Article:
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Research Papers: Gas Turbines: Vehicular and Small Turbomachines

System-Level Performance of Microturbines With an Inside-Out Ceramic Turbine

[+] Author and Article Information
Nidal Kochrad

Createk,
Institut Interdisciplinaire d'Innovation Technologique (3IT),
3000 boulevard de l'Université,
Sherbrooke, QC J1K 0A5, Canada
e-mail: Nidal.Kochrad@USherbrooke.ca

Nicolas Courtois

Createk,
Institut Interdisciplinaire d'Innovation Technologique (3IT),
3000 boulevard de l'Université,
Sherbrooke, QC J1K 0A5, Canada
e-mail: Nicolas.Courtois@USherbrooke.ca

Miguel Charette

Createk,
Institut Interdisciplinaire d'Innovation Technologique (3IT),
3000 boulevard de l'Université,
Sherbrooke, QC J1K 0A5, Canada
e-mail: Miguel.Charette@USherbrooke.ca

Benoit Picard

Ceragy Engines, Inc.,
Parc Innovation-ACELP,
3000 boulevard de l'Université,
Sherbrooke, QC J1K 0A5, Canada
e-mail: bpicard@ceragy.ca

Alexandre Landry-Blais

Createk,
Institut Interdisciplinaire d'Innovation Technologique (3IT),
3000 boulevard de l'Université,
Sherbrooke, QC J1K 0A5, Canada
e-mail: Alexandre.Landry-Blais@USherbrooke.ca

David Rancourt

Aerospace Systems Design Laboratory (ASDL),
Georgia Institute of Technology,
Atlanta, GA 30332
e-mail: David.Rancourt@gatech.edu

Jean-Sébastien Plante

Faculté de génie,
Université de Sherbrooke,
2500 boulevard de l'Université,
Sherbrooke, QC J1K 2R1, Canada
e-mail: Jean-Sebastien.Plante@USherbrooke.ca

Mathieu Picard

Faculté de génie,
Université de Sherbrooke,
3000 boulevard de l'Université,
Sherbrooke, QC J1K 2R1, Canada
e-mail: Mathieu.Picard@USherbrooke.ca

1Corresponding author.

Contributed by the Turbomachinery Committee of ASME for publication in the JOURNAL OF ENGINEERING FOR GAS TURBINES AND POWER. Manuscript received December 6, 2016; final manuscript received December 13, 2016; published online February 1, 2017. Editor: David Wisler.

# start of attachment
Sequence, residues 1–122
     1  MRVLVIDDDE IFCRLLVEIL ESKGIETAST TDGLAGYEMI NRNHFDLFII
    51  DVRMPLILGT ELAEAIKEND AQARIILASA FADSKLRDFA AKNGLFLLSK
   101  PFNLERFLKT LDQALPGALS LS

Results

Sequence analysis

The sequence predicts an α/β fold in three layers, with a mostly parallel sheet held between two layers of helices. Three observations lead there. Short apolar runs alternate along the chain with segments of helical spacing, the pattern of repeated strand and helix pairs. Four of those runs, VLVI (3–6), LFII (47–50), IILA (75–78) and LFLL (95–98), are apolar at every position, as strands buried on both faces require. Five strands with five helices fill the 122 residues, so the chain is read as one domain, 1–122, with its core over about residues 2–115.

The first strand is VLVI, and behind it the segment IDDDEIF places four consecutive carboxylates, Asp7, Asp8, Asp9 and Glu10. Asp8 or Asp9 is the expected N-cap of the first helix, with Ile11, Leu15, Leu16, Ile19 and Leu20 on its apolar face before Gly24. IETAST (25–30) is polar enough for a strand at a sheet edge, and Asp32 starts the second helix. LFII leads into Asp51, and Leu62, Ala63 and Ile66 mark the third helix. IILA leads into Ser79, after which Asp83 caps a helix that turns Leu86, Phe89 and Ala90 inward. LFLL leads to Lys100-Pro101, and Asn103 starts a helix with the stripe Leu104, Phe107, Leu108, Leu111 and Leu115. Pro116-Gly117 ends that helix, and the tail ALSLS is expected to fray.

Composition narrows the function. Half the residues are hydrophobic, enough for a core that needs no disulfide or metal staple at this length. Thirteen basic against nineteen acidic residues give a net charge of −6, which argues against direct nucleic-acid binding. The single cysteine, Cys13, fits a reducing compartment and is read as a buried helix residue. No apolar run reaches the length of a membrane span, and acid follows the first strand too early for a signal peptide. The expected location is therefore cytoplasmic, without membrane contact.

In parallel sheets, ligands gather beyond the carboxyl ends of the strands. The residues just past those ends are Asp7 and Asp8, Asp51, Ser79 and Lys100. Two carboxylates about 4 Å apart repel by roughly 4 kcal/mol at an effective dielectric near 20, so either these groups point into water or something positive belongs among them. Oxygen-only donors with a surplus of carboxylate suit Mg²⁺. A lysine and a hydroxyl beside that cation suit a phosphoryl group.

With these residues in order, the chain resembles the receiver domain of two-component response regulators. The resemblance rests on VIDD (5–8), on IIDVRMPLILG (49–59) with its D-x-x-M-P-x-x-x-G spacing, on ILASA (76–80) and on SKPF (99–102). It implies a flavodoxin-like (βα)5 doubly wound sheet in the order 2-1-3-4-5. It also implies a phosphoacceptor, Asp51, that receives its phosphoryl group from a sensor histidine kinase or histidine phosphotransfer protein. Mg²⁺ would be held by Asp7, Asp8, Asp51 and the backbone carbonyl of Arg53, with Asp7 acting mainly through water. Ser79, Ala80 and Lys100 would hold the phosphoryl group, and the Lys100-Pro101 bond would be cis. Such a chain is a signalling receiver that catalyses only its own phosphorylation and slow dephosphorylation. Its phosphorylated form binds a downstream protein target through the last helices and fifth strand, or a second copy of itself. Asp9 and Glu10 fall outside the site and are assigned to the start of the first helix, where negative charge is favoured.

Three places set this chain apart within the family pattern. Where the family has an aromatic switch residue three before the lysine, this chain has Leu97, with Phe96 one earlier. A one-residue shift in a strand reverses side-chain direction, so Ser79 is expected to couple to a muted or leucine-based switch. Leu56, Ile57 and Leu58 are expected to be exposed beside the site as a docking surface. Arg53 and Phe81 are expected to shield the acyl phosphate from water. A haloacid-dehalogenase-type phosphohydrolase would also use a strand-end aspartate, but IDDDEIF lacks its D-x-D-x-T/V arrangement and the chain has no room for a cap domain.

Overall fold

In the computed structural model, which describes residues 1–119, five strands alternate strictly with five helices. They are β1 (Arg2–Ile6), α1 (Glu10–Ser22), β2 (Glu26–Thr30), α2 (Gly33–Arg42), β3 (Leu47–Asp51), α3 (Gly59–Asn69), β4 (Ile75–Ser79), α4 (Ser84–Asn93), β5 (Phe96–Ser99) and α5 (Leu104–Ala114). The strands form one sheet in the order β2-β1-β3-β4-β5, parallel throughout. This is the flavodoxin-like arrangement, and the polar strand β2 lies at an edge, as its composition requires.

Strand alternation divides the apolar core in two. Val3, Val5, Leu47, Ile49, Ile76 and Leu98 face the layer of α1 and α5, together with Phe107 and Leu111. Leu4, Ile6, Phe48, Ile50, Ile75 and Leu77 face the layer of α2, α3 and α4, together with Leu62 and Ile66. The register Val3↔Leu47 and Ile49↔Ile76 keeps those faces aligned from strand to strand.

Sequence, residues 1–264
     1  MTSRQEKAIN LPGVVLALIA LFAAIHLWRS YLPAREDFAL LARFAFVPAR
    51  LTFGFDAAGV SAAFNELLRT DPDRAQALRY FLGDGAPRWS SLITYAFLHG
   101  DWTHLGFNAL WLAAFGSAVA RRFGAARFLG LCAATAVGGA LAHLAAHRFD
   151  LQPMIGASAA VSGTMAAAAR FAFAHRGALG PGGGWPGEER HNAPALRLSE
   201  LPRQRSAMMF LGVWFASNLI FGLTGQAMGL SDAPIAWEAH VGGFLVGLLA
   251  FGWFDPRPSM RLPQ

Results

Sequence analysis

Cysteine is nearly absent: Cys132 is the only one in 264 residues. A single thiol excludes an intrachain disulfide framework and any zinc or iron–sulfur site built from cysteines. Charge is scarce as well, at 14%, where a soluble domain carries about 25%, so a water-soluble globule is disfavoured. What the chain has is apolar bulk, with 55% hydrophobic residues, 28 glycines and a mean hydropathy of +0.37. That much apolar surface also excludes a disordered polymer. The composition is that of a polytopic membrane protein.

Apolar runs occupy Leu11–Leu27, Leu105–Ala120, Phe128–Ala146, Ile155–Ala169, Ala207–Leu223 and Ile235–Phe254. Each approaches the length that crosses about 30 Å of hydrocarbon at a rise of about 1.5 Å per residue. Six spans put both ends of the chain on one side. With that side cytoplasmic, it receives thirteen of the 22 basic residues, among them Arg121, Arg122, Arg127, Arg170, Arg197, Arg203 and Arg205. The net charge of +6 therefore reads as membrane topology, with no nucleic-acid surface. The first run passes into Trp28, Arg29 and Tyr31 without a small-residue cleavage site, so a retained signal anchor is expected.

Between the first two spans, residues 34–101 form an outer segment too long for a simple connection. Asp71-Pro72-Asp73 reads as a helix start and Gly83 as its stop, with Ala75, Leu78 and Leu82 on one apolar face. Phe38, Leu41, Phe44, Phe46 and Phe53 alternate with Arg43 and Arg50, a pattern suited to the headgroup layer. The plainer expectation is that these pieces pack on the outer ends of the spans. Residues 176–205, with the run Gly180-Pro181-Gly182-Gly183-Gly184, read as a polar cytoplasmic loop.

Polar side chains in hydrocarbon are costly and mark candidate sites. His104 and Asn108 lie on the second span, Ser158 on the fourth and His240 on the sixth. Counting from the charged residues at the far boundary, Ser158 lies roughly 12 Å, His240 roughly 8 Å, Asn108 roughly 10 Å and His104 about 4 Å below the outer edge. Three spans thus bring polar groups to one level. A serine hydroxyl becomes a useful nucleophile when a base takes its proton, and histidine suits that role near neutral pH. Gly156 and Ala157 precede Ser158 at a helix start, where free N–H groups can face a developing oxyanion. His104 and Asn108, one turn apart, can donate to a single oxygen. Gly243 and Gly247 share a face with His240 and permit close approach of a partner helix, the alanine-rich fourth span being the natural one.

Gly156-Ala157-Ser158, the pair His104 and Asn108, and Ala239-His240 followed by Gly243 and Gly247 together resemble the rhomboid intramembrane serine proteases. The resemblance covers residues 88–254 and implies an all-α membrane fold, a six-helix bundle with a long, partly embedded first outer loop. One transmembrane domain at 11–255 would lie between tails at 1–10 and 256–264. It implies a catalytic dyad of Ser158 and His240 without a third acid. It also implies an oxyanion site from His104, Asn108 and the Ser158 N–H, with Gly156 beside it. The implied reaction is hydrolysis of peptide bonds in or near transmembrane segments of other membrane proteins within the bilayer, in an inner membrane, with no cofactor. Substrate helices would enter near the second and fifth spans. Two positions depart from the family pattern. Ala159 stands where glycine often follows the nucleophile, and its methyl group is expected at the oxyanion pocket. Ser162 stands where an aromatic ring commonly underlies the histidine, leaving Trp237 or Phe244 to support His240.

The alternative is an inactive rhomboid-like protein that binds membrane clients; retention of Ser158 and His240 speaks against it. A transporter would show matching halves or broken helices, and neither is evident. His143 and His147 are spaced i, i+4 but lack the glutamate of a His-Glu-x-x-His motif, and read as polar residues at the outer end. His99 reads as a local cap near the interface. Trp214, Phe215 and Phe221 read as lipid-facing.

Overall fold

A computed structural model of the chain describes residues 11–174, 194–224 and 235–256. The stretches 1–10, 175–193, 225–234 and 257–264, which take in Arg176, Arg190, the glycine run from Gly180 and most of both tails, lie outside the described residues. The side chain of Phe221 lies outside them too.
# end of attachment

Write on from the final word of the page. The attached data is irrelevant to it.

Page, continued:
J. Eng. Gas Turbines Power 139(6), 062702 (Feb 01, 2017) (10 pages) Paper No: GTP-16-1573; doi: 10.1115/1.4035648 History: Received December 06, 2016; Revised December 13, 2016

Ceramic turbines can reduce fuel consumption by increasing turbine inlet temperatures (TIT). The need for heat-resistant materials like ceramics is particularly acute for small turbomachines for which efficiencies are limited by the use of uncooled metal turbine as complex cooling schemes are impractical and costly. Efforts to introduce ceramics in the turbine rotor were made between the 1960s and the 1990s by gas turbines and automotive manufacturers in the U.S., Europe, and Japan. While significant progress was made, a suitable level of reliability still cannot be achieved as the brittleness of ceramics leads to crack propagation in the blades loaded in tension and catastrophic failure. The inside-out ceramic turbine (ICT) is a design alternative specific to ceramics that loads the blades in compression by using an outer, air-cooled composite rim that sustains the centrifugal loads. This paper provides an analytical model based on the Brayton cycle to compute the system-level performance of microturbines using an ICT. Loss submodels specific to ICT architectures are developed to account for: (1) composite rim drag, (2) composite rim cooling, (3) leakage through rotating seals, and (4) expansion heat losses. The thermodynamic core model is validated against three state-of-the-art, non-inside-out, microturbines. Based on a Monte Carlo simulation that takes into account the modeling uncertainties, the model predicts a cycle efficiency of 45±1% for a 240 kW ICT-based microturbine, leading to a predicted reduction in fuel consumption of 20% over current all-metal microturbines.

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References

Figures

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Fig. 1

Inside-out ceramic turbine (ICT)

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Fig. 2

Microturbine components and station numbering

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Fig. 3

Calculation flowchart

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Fig. 4

The expansion process flowchart

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Fig. 5

Turbine cross section, radial characteristics dimensions, and seal locations 1, 2, and 3

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Fig. 6

Unwrapped blades and cooling system

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Fig. 7

Rotating seal leakages

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Fig. 9

Efficiency distribution from the Monte Carlo simulation

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Fig. 10

Microturbine thermofluid quantities

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Fig. 11

Cycle performance and losses impact prediction

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